Worlds Men’s TT: It’s Millar’s Time – Big Time!
The Elite Men’s two lap 41.3 km TT was the only race on the docket today (like we needed more!), with training on the road course held earlier in the morning. Bjarne Riis was here to take in the day’s events, perhaps with an eye on potential talent for Team CSC. I tried to pry a few insights out of the normally taciturn Dane. ‘Bjarne, what do you think of the course?’ “Hard” he replied. ‘Have you signed any new riders for 2004?’ “Basso” he replied. ‘Who do you like for the men’s TT today?’ “Millar” he replied.
Millar himself wasn’t so sure. Although he told PezCycling News Monday that his form was very good (“Crisp Canadian Fall Greets TT Warm-up”, Oct. 6), he later confessed “I’ve felt terrible since the Vuelta. I rode for 45 minutes today (before the race) and it was the first time I felt good.”
The race went off with each rider spaced at 90 seconds. I watched the first lap of the race on the 1.3 km / 6% Beckett climb. Ekimov, then Gonzalez de Galdeano, came up the hill with a display of raw power. Then Michael Rogers of Australia and Germany’s Uwe Peschel followed by Honchar and Nozal stormed past putting on a TT clinic. But the crowd roared as Scotland’s David Millar came around the bend at the base of the cote, clearly on a tear. Accelerating out of the saddle for an instant, Millar then settled into a fierce rhythm as he flattened the climb with his smooth and graceful power. The fans lining the climb knew this was going to be a special day but the enormity of Millar’s ride wouldn’t be apparent until the next lap. Millar came by a second time on what appeared to be an even faster pace. Then we waited. And waited. Millar had clearly distanced his following rider, Michael Rich of Germany.
After losing 17 seconds to Uwe Peschel at the first time check (km 8.0), Australian Michael Rogers began to close the gap. At the second check (km 20.5) the difference narrowed to 1 second. Rogers said, “Neil Stephens was in the car behind and told me I was on a good run”. By the third check (km 28.8), Rogers had gapped Peschel by 7 seconds with 12 km remaining. Then only 8 km from the finish Rogers punctured! Peschel, who started immediately behind Rogers, began to take back time. However Rogers battled bravely to hold on to his narrow margin, losing only 6 seconds to Peschel in the last 12 km despite the puncture. Peschel crossed the line half a second behind Rogers.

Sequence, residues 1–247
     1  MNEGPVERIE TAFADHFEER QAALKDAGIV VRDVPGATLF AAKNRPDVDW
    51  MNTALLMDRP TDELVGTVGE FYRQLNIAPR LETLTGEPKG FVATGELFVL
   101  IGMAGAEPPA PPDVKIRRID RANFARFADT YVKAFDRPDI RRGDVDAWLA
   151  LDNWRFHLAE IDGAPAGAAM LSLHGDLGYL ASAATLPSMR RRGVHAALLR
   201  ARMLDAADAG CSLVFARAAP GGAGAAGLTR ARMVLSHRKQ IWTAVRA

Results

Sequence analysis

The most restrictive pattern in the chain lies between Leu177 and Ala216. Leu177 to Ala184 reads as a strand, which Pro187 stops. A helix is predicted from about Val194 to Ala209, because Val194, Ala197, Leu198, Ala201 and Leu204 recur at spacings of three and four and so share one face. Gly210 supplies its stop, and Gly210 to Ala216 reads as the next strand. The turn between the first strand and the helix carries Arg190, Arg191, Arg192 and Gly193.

Millar, who lead at every time check, had been receiving reports throughout the course. He would later say he was able to ease off a little in the final kilometers with victory assured. Punching the air 100 metres before he crossed the finish line, a jubilant David Millar rose to the occasion – and them some. With an average speed of 48.3 kph on a course that included 6.6 km of climbing, Millar won a commanding victory over silver medalist Michael Rogers at 1:25.09 and bronze medalist Uwe Peschel at 1:25.65.
Millar, who persisted through some bad luck earlier in the season said, “I was afraid not to win. I was like a junior the last ten days I was so scared. My head might be in the clouds right now but I’m very happy”. Not one to rest on his laurels, Millar expressed his goals for the Olympic Games next summer. “ I wanted to line up at the Olympics in the rainbow jersey and I want to win the Olympics time trial as well”. With the Olympics almost a year away, tonight it’s Millar Time!
Results: Elite Men’s TT
1 David Millar (Great Britain) 51.17.3 (48.319 km/h)
2 Michael Rogers (Australia) 1.25.1
3 Uwe Peschel (Germany) 1.25.6
4 Michael Rich (Germany) 1.35.7
5 Isidro Nozal Vega (Spain) 1.39.5
6 Dario Frigo (Italy) 1.51.5
7 Viatcheslav Ekimov (Russia) 1.58.4
8 Marc Wauters (Belgium) 2.07.3
9 Michal Hrazdira (Czech Republic) 2.13.3
10 Bert Roesems (Belgium) 2.15.8
11 Ben Day (Australia) 2.20.0
12 Eugen Wacker (Kyrgyzstan ) 2.26.3
13 Levi Leipheimer (USA) 2.36.2
14 Bobby Julich (USA) 2.43.1
15 Laszlo Bodrogi (Hungary) 2.45.1
16 Evgueni Petrov (Russia) 3.03.3
17 Gustav Larsson (Sweden)
18 Dmitriy Fofonov (Kazakhstan) 3.05.0
19 Fabian Cancellara (Switzerland) 3.05.2
20 Sylvain Chavanel (France) 3.07.1